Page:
Birds to Benefit from New Priorities in House Interior Appropriations Bill

Rider Dropped Exempting Sage-Grouse from Endangered Species Act Protection

Media Contact: Jordan Rutter, Director of Public Relations, 202-888-7472 |
Expert Contact: Steve Holmer, Vice President of Policy, 202-888-7480 |

Blackburnian Warblers and other migratory birds receive $1 million in additional funding in the current bill. Photo by Frode Jacobsen / Shutterstock

(Washington, D.C., May 15, 2019) Migratory birds and other wildlife will benefit from new funding increases proposed in the House Interior Appropriations bill released yesterday, in a move that clearly demonstrates the new U.S. House of Representatives' support of environmental issues.

“We thank Chairwoman Betty McCollum and the House Interior Subcommittee for producing such a strong environmental bill. This legislation makes overdue funding and policy adjustments that stand to benefit birds and other wildlife,” said Jennifer Cipolletti, Director of Conservation Advocacy for American Bird Conservancy.

The bill will increase funding for the Neotropical Migratory Bird Conservation Act (NMBCA) to $4.9 million, a million-dollar increase. Since 2002, the NMBCA has functioned as a matching grant program to fund projects that conserve Neotropical migratory birds – those that breed in or migrate through the United States and Canada and spend the nonbreeding season in Latin America and the Caribbean. NMBCA has helped conserve 400 species, including some of the most endangered birds in North America.

The bill proposes a $14 million increase for two key wildlife conservation programs: the North American Wetlands Conservation Act, or NAWCA ($50 million), and State and Tribal Wildlife Grants ($70 million). The latter is the nation's core program for preventing wildlife from becoming endangered; it supports a wide variety of wildlife-related projects by state fish and wildlife agencies throughout the United States. NAWCA provides funding for conservation projects for the benefit of wetland-associated migratory birds in the United States, Canada, and Mexico.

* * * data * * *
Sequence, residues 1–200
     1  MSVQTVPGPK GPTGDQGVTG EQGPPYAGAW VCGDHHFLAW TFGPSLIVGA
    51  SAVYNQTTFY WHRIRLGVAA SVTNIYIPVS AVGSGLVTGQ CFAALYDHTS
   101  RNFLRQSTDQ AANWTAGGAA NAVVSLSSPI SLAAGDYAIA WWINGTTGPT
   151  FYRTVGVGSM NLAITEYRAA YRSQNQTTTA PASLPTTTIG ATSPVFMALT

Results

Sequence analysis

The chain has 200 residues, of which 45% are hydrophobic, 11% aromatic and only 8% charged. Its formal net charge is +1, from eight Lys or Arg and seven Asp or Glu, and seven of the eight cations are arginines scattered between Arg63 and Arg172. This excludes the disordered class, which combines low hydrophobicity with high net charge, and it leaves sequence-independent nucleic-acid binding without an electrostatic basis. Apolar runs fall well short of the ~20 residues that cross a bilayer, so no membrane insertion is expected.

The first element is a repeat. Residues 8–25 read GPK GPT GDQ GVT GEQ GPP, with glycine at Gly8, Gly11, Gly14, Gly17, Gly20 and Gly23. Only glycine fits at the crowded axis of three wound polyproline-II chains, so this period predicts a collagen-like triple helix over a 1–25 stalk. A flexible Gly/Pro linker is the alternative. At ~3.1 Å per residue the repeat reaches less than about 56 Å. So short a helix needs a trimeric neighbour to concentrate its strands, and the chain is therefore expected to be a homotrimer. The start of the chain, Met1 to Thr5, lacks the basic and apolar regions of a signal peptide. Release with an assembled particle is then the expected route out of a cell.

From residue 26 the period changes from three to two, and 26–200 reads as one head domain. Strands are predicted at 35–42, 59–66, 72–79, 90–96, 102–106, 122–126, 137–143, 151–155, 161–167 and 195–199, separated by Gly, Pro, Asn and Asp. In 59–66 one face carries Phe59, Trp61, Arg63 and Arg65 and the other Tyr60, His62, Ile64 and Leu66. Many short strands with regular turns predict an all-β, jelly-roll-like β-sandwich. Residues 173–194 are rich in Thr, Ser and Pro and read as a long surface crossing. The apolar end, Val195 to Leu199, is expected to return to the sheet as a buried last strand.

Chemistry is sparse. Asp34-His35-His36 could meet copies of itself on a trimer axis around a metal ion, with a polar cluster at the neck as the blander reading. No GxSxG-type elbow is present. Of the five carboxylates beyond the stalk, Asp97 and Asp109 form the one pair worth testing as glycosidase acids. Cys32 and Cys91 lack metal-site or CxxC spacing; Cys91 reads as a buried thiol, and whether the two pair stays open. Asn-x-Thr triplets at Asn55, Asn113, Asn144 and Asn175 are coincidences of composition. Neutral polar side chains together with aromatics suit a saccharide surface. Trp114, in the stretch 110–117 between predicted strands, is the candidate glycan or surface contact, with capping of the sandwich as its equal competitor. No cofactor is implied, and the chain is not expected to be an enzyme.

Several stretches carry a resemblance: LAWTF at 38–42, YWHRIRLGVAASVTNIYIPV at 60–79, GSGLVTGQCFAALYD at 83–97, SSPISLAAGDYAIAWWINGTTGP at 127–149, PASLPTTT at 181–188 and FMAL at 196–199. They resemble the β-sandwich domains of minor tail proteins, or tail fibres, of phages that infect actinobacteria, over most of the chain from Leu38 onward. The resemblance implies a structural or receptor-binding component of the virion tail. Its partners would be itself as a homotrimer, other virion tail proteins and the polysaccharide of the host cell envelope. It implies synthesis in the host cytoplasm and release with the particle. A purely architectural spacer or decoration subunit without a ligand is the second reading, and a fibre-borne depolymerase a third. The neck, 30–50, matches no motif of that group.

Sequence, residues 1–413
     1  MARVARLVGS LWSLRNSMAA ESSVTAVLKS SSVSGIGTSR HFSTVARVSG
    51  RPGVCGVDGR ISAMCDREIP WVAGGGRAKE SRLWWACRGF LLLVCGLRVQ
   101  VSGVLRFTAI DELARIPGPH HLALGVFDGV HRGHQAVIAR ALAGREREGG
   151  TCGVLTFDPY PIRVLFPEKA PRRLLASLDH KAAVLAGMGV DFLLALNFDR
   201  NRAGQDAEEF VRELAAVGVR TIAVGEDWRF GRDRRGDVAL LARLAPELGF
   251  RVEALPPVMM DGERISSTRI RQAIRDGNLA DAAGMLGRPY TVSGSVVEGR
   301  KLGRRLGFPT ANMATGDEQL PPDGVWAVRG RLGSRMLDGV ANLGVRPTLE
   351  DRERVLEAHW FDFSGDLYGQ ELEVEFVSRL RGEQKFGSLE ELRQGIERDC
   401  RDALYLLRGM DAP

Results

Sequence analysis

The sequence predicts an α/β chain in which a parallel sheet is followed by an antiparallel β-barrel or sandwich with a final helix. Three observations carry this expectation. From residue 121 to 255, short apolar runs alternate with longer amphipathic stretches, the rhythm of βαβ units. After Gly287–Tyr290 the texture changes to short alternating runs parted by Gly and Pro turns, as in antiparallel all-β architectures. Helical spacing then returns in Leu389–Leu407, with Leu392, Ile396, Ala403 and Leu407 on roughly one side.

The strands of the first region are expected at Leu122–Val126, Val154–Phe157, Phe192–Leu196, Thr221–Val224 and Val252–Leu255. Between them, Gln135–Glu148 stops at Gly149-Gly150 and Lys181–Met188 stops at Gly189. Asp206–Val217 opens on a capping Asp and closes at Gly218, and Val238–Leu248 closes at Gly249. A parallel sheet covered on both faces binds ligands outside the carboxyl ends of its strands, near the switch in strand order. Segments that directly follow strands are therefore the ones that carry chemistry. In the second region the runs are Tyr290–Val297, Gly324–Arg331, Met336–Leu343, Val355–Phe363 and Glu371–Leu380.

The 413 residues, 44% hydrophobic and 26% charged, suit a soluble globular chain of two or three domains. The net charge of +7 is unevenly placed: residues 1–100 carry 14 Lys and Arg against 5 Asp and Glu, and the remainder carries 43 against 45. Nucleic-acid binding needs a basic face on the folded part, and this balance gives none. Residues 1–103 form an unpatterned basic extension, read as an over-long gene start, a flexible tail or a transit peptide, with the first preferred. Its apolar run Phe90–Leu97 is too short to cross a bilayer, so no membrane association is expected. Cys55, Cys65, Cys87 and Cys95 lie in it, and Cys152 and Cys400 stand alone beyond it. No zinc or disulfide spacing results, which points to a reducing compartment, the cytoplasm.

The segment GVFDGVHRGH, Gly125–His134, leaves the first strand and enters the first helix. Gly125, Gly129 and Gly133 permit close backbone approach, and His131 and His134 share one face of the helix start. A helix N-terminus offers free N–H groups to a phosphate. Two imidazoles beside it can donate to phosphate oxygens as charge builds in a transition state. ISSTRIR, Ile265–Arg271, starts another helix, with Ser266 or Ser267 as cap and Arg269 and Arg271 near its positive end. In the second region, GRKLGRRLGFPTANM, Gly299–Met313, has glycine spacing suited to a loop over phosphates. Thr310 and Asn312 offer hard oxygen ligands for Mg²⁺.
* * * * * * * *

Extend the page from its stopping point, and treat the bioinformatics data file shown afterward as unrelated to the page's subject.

The Greater Sage-Grouse is another beneficiary of the legislation. “We're heartened to see that a rider was dropped that would have prevented Endangered Species Act protection of the grouse regardless of how low the species' numbers plummet,” said Steve Holmer, Vice President of Policy for American Bird Conservancy. “Another harmful provision removed would have prohibited the Environmental Protection Agency from regulating ammunition and fishing sinkers made with lead, a dangerous toxin that causes the needless poisoning of an estimated 16 million birds each year.”

A large coalition of more than 150 conservation groups, including American Bird Conservancy, Cornell Lab of Ornithology, Defenders of Wildlife, and National Audubon Society, also asked for increases to Migratory Bird Joint Ventures, State of the Birds activities for Hawaiian birds, and Invasive Species Early Detection and Rapid Response efforts. Funding amounts for these programs will be included in the Committee Report to be released next week.

  • Migratory Bird Joint Ventures would receive a $3 million increase. Joint Ventures are regional partnerships managed by the U.S. Fish and Wildlife Service that identify conservation priorities and carry out projects to reverse population declines of at-risk bird species.
  • State of the Birds activities for Hawaiian birds are dedicated to arresting the bird extinction crisis in Hawaii, where more than 90 bird species have gone extinct and nine listed species are currently in decline. This program, which was slated for elimination in the President's budget, will continue with a budget of $3 million.
  • The bill proposes a $4 million increase for Invasive Species Early Detection activities used to survey for, report, and verify the presence of non-native species before founding populations become established or spread so widely that eradication is no longer feasible. Rapid Response efforts are then employed to eradicate non-native species.
  • The bill also directs agencies of the Department of the Interior to take actions to reduce window collisions with their office buildings, nature and visitor centers. This includes monitoring for bird collisions, assessing retrofits, and turning off interior lights at night and applying films to glass windows to reduce collisions.

“We appreciate the Committee's leadership to help birds, and urge the full House of Representatives to vote in support of this good Interior Appropriations bill,” said Holmer.

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American Bird Conservancy is a nonprofit organization dedicated to conserving birds and their habitats throughout the Americas. With an emphasis on achieving results and working in partnership, we take on the greatest problems facing birds today, innovating and building on rapid advancements in science to halt extinctions, protect habitats, eliminate threats, and build capacity for bird conservation. Find us on abcbirds.orgFacebookInstagram, and Twitter (@ABCbirds).